By mitigating currency convertibility risk, a key component of sovereign risk, the future flow securitisation structure allows securities to be rated better than the sovereign credit rating. In the case of El Salvador, for example, the remittance-backed securities were rated investment grade, two to four notches above the sub-investment grade sovereign rating.

Investment grade rating makes these transactions attractive to a wider range of “buy-and-hold” investors (for example, insurance companies) that face limitations on buying sub-investment grade.

As a result, the issuer can access international capital markets at a lower interest rate spread and longer maturity.

Moreover, by establishing a credit history for the borrower, these deals enhance the ability and reduce the costs of accessing capital markets in the future.

Reducing remittance costs

Reducing remittance fees would increase the disposable income of poor migrants, boost their incentives to send more money home, and encourage the use of formal remittance channels.

The cost of sending remittances tends to be high and regressive. A typical poor migrant sends about $200 or less per transaction.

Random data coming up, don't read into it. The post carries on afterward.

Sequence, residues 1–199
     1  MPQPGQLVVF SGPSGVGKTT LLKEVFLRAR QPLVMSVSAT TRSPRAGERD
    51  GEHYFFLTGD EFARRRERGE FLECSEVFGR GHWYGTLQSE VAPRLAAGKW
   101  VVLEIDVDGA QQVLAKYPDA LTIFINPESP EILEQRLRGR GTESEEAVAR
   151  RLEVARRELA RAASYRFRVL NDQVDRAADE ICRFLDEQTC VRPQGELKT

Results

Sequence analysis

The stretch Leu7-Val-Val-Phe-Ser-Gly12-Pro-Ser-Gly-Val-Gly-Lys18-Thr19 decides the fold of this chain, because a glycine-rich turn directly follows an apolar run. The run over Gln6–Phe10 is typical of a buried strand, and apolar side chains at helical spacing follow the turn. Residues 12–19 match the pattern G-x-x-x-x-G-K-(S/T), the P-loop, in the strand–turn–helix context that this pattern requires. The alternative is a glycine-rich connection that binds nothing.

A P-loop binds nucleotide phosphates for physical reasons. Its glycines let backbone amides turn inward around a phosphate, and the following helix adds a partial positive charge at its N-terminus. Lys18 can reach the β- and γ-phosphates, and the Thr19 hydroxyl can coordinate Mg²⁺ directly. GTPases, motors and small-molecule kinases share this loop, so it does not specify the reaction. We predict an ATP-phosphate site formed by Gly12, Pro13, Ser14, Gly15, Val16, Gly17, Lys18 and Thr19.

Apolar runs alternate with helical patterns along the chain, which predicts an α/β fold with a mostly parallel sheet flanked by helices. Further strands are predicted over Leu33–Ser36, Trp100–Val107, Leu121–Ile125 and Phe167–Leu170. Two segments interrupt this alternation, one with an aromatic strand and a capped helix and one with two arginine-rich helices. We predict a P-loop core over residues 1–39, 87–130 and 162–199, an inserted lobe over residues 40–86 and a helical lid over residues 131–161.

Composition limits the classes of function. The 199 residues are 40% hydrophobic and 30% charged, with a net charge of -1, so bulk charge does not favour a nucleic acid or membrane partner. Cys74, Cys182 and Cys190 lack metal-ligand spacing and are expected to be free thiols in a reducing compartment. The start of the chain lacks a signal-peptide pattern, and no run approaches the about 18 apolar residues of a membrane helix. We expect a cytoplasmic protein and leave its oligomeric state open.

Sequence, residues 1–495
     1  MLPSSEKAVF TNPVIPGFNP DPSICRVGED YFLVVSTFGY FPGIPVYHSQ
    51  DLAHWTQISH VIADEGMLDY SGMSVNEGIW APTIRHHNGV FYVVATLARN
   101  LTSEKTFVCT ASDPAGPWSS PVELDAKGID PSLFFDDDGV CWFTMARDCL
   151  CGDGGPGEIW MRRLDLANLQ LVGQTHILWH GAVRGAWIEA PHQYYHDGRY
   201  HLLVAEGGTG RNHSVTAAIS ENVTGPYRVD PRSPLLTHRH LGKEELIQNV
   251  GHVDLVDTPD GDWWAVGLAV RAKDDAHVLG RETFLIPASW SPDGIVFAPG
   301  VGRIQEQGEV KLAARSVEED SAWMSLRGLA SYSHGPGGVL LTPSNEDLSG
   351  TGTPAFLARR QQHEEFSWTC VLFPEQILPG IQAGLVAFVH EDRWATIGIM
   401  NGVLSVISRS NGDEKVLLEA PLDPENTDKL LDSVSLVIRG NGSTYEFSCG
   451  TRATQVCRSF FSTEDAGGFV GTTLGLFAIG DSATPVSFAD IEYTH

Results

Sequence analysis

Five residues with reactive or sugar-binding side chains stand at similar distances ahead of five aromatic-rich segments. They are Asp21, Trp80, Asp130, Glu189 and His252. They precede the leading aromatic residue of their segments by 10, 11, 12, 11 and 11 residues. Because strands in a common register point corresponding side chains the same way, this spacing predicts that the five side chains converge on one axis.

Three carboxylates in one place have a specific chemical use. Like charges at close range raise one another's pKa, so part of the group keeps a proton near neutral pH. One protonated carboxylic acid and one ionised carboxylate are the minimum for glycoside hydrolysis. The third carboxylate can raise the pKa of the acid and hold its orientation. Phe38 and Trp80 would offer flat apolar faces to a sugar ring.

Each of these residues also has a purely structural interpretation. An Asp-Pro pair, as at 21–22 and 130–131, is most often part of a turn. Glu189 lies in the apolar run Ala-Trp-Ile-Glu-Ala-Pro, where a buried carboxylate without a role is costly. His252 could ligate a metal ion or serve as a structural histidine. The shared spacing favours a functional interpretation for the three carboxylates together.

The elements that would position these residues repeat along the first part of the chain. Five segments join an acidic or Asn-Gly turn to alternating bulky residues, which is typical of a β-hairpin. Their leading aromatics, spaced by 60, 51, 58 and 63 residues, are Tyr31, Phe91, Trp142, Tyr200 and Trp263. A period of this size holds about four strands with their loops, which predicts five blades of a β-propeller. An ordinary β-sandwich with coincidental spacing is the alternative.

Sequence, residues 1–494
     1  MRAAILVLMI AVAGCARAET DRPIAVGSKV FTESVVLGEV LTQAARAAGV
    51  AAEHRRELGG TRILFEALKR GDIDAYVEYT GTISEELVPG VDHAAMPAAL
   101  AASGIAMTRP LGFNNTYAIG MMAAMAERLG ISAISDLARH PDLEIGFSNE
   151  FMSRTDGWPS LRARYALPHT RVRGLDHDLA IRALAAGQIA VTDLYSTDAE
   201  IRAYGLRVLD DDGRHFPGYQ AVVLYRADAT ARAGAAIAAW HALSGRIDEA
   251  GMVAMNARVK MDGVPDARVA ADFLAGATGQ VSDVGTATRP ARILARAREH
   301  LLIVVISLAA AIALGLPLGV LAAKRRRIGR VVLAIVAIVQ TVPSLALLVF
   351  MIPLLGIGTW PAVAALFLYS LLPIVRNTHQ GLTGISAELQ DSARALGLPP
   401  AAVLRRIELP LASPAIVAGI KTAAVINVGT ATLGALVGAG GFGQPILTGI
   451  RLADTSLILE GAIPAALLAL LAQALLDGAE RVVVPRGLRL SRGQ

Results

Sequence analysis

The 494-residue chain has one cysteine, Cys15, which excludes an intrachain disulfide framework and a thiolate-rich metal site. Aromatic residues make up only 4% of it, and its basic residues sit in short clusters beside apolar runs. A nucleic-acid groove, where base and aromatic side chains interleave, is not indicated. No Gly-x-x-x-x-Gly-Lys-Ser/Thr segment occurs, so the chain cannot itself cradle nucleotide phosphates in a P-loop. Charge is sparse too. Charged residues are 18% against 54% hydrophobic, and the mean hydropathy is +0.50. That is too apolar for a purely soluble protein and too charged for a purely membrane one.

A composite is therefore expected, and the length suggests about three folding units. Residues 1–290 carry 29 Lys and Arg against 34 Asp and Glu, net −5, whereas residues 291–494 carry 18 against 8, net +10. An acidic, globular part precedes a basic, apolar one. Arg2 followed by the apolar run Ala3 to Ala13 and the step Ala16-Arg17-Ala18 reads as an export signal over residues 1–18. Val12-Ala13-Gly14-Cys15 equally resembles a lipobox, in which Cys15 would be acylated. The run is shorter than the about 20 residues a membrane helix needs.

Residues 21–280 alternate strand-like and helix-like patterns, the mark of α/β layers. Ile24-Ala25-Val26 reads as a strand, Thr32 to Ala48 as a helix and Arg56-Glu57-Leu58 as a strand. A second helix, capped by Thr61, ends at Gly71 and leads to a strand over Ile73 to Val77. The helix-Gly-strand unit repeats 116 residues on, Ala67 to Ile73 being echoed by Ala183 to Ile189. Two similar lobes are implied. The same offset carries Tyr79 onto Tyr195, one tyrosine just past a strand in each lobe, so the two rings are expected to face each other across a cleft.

The average cost through the top three money transfer operators (Western Union, MoneyGram, and Dolex) can be as high as $16 for $100 and $18 for $200.

These fees are highly regressive because the smaller remittances sent by poor migrants cost more per dollar sent.

With increased awareness among policymakers and migrants, and due to the falling costs of technology, remittance costs have been declining in recent years. In the US – Mexico corridor, for example, the cost of sending $300 fell by 54 percent between 1999 and 2004, from more than $26 to $12.

Since then, however, costs have remained sticky, dropping only to $10,60 by the end of 2006.

  • Dr Mugano is an Author and Expert in Trade and Competitiveness. He is a Research Associate at Nelson Mandela Metropolitan University and a Senior Lecturer at the Zimbabwe Ezekiel Guti University. Feedback: Email: gmugano@gmail.com, Cell: +263 772 541 209.